Whanganui rural firefighter Blair Gray planned to run the Taupo marathon on Saturday.

That was before he got the call to join firefighters in Canada where more than 1.2 million hectares has been devastated by fire.

"I got the call on Wednesday and I am a bit gutted that I missed the marathon but my feelings of being able to help out in Canada are beyond words," said Mr Gray.

"I have spent the last few days completing the paperwork and doing fitness tests to make sure I'm ready."

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Mr Gray, 31, is one of 80 New Zealanders including firefighters from Fire and Emergency, the Department of Conservation and forestry contractors flying to Vancouver on a five-week mission to provide relief to Canadian firefighters stretched to capacity.

Regional Rural Fire and Emergency co-ordinator Gavin Pryce said it was a rare opportunity for a rural firefighter to be selected for a mission like this one.

"It is not something that any firefighter can do and Blair has been selected because of his stamina.

"The firefighters will be working 14-hour days for a 14-day period so they need to be resilient.

"The New Zealanders will work in 12 teams of five in British Columbia where the fires are at their worst."

Mr Gray said this is his first overseas deployment although he had the experience of helping out in Christchurch during the Port Hills fires in February this year.

"You think about how devastating something like that would be if it happened in this region," he said.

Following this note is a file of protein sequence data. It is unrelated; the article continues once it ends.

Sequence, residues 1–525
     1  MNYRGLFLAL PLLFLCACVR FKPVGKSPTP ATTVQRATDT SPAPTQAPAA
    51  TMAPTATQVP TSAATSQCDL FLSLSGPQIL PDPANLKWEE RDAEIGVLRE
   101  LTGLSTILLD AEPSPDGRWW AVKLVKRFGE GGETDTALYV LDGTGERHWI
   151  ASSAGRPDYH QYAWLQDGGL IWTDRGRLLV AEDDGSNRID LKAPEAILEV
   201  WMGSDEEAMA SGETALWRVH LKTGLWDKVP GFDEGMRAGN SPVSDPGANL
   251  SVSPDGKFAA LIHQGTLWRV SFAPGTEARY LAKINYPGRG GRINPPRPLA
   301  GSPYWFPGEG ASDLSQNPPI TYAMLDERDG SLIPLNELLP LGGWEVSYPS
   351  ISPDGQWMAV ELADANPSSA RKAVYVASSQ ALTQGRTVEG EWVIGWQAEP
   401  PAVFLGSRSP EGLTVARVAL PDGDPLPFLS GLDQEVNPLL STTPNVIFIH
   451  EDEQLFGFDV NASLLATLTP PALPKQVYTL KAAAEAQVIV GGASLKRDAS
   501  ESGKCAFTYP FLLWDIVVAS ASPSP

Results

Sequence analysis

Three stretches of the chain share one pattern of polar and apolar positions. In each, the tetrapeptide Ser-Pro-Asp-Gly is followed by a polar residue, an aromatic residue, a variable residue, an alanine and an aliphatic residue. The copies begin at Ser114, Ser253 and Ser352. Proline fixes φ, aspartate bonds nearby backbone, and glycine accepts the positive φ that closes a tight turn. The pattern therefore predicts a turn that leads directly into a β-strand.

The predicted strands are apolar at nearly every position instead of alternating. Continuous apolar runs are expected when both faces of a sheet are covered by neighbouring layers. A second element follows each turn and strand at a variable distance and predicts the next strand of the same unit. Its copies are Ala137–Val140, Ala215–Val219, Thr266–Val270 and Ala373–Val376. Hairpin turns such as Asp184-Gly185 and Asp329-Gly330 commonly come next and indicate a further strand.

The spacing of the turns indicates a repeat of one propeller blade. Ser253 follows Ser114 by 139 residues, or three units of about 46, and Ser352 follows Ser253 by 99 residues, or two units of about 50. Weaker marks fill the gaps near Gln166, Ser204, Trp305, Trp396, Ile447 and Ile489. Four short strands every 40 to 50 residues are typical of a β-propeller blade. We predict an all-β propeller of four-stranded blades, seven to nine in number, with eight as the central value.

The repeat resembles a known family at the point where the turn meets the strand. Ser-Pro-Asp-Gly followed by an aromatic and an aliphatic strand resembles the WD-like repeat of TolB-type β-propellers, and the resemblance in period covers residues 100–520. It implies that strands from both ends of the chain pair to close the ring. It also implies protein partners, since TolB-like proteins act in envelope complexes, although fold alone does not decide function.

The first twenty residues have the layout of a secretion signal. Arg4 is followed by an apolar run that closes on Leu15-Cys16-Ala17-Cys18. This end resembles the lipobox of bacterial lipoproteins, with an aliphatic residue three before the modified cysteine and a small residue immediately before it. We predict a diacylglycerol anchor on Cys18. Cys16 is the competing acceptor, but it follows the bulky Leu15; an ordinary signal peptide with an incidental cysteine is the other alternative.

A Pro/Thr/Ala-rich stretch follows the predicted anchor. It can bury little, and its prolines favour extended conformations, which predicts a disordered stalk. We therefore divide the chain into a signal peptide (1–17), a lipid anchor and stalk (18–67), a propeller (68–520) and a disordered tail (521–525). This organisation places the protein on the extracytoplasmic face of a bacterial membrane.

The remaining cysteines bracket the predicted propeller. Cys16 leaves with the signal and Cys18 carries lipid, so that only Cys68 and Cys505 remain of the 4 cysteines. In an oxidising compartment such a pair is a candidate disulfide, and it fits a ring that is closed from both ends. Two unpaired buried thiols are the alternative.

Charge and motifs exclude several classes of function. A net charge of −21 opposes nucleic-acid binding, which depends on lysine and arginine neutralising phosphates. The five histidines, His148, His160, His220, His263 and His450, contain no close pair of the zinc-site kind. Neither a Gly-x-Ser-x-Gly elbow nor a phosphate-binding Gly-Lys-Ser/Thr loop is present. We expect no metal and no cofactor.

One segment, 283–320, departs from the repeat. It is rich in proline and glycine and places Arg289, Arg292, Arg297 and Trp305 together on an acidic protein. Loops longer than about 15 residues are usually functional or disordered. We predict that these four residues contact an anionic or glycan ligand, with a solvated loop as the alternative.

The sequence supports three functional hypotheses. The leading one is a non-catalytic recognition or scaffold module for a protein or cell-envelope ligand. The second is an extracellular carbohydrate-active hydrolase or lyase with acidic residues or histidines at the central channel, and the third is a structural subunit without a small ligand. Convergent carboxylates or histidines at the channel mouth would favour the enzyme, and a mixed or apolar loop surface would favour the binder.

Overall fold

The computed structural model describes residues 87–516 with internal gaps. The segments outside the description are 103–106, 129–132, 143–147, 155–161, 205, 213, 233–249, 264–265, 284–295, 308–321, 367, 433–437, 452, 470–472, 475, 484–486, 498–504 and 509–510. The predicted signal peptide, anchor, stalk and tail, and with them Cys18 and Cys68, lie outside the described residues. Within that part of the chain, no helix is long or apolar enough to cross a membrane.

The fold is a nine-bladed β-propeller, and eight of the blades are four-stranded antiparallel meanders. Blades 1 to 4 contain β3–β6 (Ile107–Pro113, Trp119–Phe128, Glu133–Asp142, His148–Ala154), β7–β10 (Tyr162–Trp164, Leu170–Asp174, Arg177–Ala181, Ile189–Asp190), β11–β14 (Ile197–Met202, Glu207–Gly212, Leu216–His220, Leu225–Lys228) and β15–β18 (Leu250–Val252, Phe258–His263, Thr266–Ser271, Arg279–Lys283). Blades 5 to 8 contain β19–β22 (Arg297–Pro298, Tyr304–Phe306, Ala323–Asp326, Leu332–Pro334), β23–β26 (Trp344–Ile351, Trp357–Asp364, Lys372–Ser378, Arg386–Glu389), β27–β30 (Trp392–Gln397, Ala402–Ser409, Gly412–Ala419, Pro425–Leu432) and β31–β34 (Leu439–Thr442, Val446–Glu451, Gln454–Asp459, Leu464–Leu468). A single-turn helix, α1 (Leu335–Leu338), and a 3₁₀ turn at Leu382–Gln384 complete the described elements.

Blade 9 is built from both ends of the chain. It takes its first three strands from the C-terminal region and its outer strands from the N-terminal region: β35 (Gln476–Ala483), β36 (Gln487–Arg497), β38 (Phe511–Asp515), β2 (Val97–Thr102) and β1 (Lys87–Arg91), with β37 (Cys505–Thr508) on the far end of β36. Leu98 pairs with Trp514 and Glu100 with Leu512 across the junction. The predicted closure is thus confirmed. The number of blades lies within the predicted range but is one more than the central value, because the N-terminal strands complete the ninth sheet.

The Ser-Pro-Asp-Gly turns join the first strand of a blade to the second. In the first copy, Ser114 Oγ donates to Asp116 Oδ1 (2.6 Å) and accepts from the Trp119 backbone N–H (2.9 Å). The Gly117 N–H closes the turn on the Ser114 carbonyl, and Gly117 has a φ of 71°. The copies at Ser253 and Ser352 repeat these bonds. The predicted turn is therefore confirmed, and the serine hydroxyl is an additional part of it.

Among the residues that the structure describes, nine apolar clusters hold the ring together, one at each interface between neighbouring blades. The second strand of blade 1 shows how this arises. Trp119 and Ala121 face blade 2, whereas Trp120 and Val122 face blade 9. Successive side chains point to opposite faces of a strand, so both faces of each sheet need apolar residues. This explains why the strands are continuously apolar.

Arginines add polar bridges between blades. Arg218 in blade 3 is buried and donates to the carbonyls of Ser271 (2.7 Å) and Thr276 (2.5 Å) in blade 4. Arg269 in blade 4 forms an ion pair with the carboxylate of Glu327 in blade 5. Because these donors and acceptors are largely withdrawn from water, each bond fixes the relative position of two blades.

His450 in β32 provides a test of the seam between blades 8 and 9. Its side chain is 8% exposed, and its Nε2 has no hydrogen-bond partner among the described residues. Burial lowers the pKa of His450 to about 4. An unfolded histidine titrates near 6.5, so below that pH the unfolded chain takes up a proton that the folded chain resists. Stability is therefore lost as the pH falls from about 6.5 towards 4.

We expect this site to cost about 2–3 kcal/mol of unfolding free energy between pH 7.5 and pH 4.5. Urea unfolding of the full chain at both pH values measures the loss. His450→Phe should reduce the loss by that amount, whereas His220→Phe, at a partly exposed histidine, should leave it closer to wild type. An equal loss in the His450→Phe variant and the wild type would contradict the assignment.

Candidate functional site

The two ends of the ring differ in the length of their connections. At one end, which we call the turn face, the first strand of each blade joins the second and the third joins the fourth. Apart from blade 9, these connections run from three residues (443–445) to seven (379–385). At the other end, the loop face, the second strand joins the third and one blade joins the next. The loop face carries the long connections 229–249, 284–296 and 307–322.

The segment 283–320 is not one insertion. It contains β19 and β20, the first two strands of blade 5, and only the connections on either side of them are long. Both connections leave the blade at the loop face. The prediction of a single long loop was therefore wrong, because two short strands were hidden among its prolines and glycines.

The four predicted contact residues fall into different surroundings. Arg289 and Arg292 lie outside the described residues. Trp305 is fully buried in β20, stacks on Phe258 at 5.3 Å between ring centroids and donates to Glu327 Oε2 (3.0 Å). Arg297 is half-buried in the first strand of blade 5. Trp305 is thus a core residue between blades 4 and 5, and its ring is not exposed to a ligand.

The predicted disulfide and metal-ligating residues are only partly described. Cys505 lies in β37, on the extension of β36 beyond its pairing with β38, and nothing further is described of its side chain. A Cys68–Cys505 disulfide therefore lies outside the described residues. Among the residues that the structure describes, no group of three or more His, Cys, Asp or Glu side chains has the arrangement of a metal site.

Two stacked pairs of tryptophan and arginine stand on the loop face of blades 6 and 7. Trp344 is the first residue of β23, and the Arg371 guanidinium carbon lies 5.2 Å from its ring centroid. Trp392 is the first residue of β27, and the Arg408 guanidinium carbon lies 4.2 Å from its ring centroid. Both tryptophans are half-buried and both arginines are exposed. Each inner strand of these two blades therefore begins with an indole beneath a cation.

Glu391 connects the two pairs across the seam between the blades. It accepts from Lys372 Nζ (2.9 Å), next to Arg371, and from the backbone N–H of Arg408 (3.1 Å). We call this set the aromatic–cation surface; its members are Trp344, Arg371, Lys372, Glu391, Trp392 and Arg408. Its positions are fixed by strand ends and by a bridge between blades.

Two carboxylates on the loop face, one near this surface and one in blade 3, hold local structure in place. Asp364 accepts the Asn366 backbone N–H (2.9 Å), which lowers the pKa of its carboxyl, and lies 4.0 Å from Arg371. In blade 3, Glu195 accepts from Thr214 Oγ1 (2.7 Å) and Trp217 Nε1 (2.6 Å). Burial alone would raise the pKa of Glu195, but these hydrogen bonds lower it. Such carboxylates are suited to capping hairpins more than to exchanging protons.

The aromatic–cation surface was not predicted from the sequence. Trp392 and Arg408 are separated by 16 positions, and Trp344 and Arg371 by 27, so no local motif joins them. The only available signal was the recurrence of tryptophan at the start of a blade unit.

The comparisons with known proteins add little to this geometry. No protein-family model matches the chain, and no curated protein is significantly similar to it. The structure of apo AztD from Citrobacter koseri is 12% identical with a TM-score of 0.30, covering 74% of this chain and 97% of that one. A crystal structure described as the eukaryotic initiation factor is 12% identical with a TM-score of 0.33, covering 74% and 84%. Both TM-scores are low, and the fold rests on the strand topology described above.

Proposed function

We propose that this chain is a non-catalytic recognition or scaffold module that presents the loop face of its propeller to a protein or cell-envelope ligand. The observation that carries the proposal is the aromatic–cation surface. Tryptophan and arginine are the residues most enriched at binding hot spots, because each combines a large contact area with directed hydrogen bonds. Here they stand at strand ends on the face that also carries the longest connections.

"I feel privileged to be able to help."

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British Columbia is Canada's westernmost province and the fires are the worst seen in the area since the 1950s.

New Zealand Fire and Emergency national manager rural Kevin O'Connor said the New Zealand contingent would be lending their specialist support.

"Our fire crews and incident management team members have a range of skills in high demand during lengthy firefighting operations.

"These include experience in logistics, communications, ferrying supplies into remote locations, and the use of aircraft."

Although Mr Gray is single, he said family and friends are a bit nervous for him.

"They are happy for me because they know it is something I really want to do and I've assured them that I won't put myself in danger.

"I am trained to keep myself safe."

The New Zealand contingent are joining the 3000-plus people and 200 planes currently engaged in the British Columbia operation.